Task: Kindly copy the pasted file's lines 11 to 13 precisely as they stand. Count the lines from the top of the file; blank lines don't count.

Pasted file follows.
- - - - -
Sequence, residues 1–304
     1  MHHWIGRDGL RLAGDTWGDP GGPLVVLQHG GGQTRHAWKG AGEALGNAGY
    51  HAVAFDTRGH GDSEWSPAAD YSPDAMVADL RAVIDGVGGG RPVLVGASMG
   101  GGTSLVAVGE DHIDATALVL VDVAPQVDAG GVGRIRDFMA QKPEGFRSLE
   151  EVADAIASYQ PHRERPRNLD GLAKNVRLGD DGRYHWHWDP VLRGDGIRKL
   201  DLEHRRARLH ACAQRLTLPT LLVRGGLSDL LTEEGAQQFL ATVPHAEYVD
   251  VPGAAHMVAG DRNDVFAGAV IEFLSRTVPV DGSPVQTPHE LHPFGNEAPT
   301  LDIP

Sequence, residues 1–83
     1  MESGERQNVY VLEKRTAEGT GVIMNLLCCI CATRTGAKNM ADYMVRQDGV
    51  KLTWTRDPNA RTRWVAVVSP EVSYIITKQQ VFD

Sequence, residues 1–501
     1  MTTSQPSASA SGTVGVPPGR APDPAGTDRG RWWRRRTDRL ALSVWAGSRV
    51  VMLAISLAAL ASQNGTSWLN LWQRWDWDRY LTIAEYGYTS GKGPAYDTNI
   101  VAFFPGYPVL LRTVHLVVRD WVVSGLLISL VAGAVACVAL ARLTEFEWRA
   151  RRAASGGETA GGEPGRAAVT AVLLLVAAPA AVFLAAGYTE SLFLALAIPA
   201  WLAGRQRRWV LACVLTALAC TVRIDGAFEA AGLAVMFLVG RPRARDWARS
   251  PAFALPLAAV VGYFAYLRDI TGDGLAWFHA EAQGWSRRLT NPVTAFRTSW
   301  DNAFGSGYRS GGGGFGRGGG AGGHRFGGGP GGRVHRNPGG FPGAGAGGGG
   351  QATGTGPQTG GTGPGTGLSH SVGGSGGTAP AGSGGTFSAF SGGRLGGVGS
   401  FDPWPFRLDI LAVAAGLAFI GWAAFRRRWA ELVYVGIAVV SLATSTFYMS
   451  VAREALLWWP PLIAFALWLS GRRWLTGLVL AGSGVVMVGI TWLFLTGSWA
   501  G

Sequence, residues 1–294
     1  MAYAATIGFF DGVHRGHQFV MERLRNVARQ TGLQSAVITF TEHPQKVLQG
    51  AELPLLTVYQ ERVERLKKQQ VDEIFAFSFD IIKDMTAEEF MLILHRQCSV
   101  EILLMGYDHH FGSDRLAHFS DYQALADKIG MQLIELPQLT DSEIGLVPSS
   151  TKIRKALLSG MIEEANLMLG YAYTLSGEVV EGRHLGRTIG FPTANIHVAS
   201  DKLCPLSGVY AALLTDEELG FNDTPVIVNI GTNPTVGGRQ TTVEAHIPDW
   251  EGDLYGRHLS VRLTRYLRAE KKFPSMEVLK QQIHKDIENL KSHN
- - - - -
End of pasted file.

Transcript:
    51  KLTWTRDPNA RTRWVAVVSP EVSYIITKQQ VFD

Sequence, residues 1–501
     1  MTTSQPSASA SGTVGVPPGR APDPAGTDRG RWWRRRTDRL ALSVWAGSRV